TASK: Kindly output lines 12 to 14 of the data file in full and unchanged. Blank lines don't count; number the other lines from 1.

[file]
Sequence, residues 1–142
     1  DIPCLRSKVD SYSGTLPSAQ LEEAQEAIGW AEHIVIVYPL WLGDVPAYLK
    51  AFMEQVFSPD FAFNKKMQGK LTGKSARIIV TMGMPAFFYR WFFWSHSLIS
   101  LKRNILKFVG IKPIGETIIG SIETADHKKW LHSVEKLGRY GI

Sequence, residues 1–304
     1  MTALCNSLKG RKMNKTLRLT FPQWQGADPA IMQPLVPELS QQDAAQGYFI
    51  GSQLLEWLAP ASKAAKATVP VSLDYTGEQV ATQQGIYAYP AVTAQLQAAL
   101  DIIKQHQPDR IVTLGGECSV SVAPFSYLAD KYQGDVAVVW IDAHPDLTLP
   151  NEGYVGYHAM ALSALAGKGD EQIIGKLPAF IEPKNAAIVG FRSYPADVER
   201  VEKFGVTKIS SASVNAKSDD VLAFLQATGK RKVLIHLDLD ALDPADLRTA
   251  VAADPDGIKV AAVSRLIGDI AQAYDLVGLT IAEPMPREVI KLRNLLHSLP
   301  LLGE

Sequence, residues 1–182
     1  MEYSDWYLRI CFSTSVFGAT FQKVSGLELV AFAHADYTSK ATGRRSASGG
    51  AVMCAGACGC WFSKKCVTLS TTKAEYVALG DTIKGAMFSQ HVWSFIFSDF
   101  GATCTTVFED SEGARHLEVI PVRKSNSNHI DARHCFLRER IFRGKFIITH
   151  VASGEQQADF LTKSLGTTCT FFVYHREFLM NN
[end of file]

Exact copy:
   301  LLGE

Sequence, residues 1–182
     1  MEYSDWYLRI CFSTSVFGAT FQKVSGLELV AFAHADYTSK ATGRRSASGG